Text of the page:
Your safety and welfare

Athletics should be fun. You should feel safe and enjoy your sport. You can’t do that if you feel unhappy – if someone is abusing or bullying you. You can click these links to skip straight to the sections on this page:
I need help now
How do I know when something is wrong?
I’m worried about someone else
Historic abuse

I need help now

If you are being abused or bullied, it is not your fault. Help is available.

  • If you are in immediate danger, call the police on 999.
  • You can call ChildLine free on 0800 11 11 at any time. They are open 24 hours a day. You don’t need credit on your phone, you don’t have to tell them your name, and they won’t tell anyone that you’ve called. They’ll listen to you and try and help you work out what to do. You can call ChildLine whatever is worrying you, no matter how large or small the problem may seem.

You can also get help from the following places:

Childline online support
You can also contact Childline for confidential chats via online messaging or email.

Tell an adult
Tell your parents/carers, teacher, or another adult you trust.

Welfare officer at your athletics club
Every athletics club with junior members has a designated welfare officer who you can talk to get help if you are being abused or bullied.

Tell us
If you don’t know who your club welfare officer is, or you don’t feel comfortable talking to them, scottishathletics has its own welfare officer who can help. Her name is Morva McKenzie and you can contact her on 07983081122 or

More help
For more links, including help for bullying, staying safe online and more, visit the Children 1st website.

How do I know when something is wrong?

Something is wrong if someone:

  • Touches you, or does anything, in a way that makes you feel uncomfortable
  • Makes suggestive remarks or tries to pressurise you into sexual activity
  • Does anything that makes you feel lonely, worried, unsafe, hurt or embarrassed
  • Threatens, hits, kicks or punches you
  • Damages or steals your belongings
  • Constantly teases you, shouts at you or calls you names

What can I do?
If you are being abused or bullied, it is not your fault. The most important thing to do is ask for help using the details above. Other useful things you can do when something bad happens are:

  • Be firm and tell the person to stop. Make a lot of noise to attract attention.
  • Get away from the situation quickly, go to a public place to find help or call the police on 999.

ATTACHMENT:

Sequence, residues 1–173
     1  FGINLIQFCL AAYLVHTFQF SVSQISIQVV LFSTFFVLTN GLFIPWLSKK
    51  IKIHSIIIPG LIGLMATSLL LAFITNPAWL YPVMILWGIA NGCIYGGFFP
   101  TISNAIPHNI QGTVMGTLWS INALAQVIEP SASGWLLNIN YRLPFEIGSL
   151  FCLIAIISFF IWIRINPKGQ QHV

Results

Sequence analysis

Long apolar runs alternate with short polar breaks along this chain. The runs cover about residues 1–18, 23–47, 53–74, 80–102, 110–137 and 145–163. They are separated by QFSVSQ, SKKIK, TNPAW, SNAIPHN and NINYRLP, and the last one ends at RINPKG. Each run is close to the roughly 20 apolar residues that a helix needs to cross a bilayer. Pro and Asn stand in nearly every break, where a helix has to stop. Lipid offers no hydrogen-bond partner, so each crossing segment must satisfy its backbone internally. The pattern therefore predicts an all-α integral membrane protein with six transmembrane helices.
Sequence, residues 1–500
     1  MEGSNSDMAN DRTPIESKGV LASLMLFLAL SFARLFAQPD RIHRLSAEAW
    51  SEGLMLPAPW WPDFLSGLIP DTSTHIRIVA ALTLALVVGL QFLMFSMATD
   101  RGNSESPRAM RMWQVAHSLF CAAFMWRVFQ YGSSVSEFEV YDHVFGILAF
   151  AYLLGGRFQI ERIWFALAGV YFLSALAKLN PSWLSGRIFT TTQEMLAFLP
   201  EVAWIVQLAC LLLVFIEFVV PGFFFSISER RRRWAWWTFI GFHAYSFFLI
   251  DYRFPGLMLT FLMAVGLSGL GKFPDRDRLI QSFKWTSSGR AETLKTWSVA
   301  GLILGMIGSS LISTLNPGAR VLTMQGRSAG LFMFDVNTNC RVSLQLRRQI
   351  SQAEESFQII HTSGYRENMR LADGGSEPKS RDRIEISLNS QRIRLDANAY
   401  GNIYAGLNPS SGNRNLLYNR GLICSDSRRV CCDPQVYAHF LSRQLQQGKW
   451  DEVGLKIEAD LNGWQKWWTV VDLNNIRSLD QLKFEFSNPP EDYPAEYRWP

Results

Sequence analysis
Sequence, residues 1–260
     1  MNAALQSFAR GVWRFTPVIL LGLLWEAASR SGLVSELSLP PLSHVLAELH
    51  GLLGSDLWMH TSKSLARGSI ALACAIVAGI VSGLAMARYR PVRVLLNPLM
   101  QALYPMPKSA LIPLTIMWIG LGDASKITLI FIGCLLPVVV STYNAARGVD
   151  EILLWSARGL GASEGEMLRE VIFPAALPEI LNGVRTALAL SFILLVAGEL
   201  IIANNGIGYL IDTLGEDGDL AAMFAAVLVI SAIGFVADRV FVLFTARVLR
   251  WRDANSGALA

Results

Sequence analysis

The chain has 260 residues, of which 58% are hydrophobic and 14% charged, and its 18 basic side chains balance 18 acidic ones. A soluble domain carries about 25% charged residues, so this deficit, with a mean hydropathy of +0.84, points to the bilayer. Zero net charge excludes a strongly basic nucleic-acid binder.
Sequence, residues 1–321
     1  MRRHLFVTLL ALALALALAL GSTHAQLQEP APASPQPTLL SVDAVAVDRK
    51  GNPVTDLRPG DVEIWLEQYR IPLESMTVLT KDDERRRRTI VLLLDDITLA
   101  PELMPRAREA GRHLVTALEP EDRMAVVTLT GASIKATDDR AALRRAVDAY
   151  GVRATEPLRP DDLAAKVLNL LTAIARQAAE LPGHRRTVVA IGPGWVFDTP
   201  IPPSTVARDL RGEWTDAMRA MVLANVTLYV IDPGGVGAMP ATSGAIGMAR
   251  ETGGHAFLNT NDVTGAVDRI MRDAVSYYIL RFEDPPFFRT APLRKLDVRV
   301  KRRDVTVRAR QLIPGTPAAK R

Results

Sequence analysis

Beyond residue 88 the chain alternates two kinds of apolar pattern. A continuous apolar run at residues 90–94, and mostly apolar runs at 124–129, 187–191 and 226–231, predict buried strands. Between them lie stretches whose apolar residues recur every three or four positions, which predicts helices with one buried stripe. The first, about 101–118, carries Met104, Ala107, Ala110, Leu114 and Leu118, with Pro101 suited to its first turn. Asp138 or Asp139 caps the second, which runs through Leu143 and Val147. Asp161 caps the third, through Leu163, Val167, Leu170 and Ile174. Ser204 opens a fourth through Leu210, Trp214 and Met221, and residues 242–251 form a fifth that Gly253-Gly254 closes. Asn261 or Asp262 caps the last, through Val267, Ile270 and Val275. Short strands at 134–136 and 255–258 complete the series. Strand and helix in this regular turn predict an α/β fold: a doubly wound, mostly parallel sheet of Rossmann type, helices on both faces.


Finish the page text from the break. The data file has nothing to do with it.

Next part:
• Keep a note of the date, time and place, what happened, how you felt and the name of anyone who may have seen what happened.

Keeping safe
You should not need to change your life and habits to avoid people who abuse or bully you – you can ask for help to make sure it stops. But some things you can do to keep safe are:

  • When something happens that makes you uncomfortable, tell someone you trust.
  • Trust your instincts about the people you meet.
  • Travel with a friend, avoid travelling in someone else’s car by yourself.
  • Avoid going to other people’s homes by yourself.
  • Carry a mobile phone if you have one.

I’m worried about someone else

Children who are worried
You can talk to any of the people above if you’re worried about someone else being abused or bullied. You don’t need to wait until you’re certain something is wrong to talk to someone about your concerns.

Adults who are worried

  • Adults who are worried about a child can contact the NSPCC for free, by phone or online. You don’t have to give your name if you don’t want to, and/or can ask that your details are not given to police or social services. Don’t wait until you’re certain if you are worried about a child. If you have any concerns or suspicions, trained NSPCC counsellors are available for you to speak to, 24 hours a day, 365 days a year. They will listen to your concerns, offer advice and support and can take action on your behalf if a child is in danger.
  • Other resources are available on the Children1st website, including information on contacting your local social work office, the Children’s Reporter, and ParentlineScotland, a national confidential helpline for any adult concerned about a child (open 9am to 9pm Mon-Fri).
  • Anyone who witnesses, suspects or is told about abuse in an athletics setting should read the Child Safeguarding Procedures and follow the procedures set out.

Historic abuse

If you were abused in the past, and you want to report it or seek help, we recommend that you report it to the police first.

If the abuse happened in an athletics environment, you can also contact the scottishathletics welfare officer, Morva McKenzie.

There is useful information about child abuse on the Victim Support website, including how it might affect you, and where you can go for help.

Survivor Scotland also has three directories of resources to help you find support:

More information about welfare and wellbeing in athletics

The About section of our website has more information about welfare, including:

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